As pets get older, owners tend to know when our pets are not feeling well or when a lump suddenly “pops” up on our pet. After visiting your local veterinarian, he may give you the words that you do not want to hear—it may be cancer. While the diagnosis can be devastating and painful to hear, it is important to remember there are many different forms of cancer and not all are viewed as terminal.
As with any illness or sickness, it is best to detect cancer at its earliest by bringing your pet in for regular veterinary check ups. Between examinations, it is best to monitor your pet for signs of cancer and schedule an appointment if any clinical signs appear. These may include:
- Abnormal bumps, lumps and swelling on the body
- Sores that will not heal
- Unexplained weight loss or appetite changes
- Bleeding from any body opening
- Unpleasant odor
- Difficulty urinating or defecating
- Persistent lameness
- Drooling or any sign of mouth discomfort
If you suspect that your pet has cancer, it is very important to have as much accurate information as possible for your veterinarian when treating your pet. It is essential to have an accurate diagnosis and your pet’s cancer correctly staged. This will help your veterinarian determine how advanced the cancer is and what possible success rates are for various treatments. Your veterinarian may recommend diagnostic procedures like laboratory tests, biopsies, x-rays, ultrasound or even surgical exploratories.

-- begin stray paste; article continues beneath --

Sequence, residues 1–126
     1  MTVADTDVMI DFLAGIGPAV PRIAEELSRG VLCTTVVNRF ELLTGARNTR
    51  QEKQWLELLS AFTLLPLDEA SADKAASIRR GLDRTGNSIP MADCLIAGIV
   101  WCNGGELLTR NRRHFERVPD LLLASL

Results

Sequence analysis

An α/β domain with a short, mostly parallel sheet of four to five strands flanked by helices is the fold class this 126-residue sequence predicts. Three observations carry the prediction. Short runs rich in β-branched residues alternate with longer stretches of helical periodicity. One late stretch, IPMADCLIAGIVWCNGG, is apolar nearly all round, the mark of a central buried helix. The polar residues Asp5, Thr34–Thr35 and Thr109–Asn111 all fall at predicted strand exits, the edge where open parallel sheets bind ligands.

If perhaps we have a diagnosis of cancer, the goal is to provide your pet with the highest quality of life as long as possible. Dogs and cats tend to tolerate chemotherapy and radiation very well. When side effects do occur, your veterinarian can prescribe anti-nausea and pain medication, as well as nutritional support to keep your pet comfortable during treatment.
With some cases, we may come across cases where the cancer is advanced and your veterinarian may recommend palliative care only. This means that your pet’s veterinary team will keep your pet as comfortable as long as possible and not pursue more aggressive treatments. The primary goal is to maintain the best quality of life possible for your pet.
When dealing with cancer, it is important to watch your pet closely for signs of discomfort and pain and keep your veterinarian informed. Keep all follow up appointments scheduled and stay in contact with your veterinarian. We are here to help. It is also important to spend as much time as possible with your pet and provide a quiet, comfortable place to rest and sleep. Providing nutritional support and fresh water are also important. You may need to make access to an area for your pet to urinate and defecate because of the cancer treatments. Above all, enjoy the time that you have left with your pet.
During the course of treatment, your pet may start having more “bad” days than “good” days. When you feel that you have done all that you can do for your pet, it may be time to consider euthanasia. It is not a time to feel guilty about any decisions you make. This is a difficult decision as most owners weigh not seeing a pet suffer against a desire to not deprive the pet any more “good” days. When this time comes, be sure to communicate with your veterinarian. Communicate your pet’s medical status and learn what to expect in the days and weeks ahead. Talk to your veterinarian and find out what options are available for your beloved pet in case euthanasia is needed to alleviate the discomfort of your pet.
Don’t live under a cloud of doom and fear. It is best to live life to its fullest. We all live in the “Circle of Life”. Don’t waste the “life” part. Remember there is always hope and it is best to take one day at a time and appreciate the life that is left in your pet.
For more information, or questions and concerns, don’t hesitate to contact our office.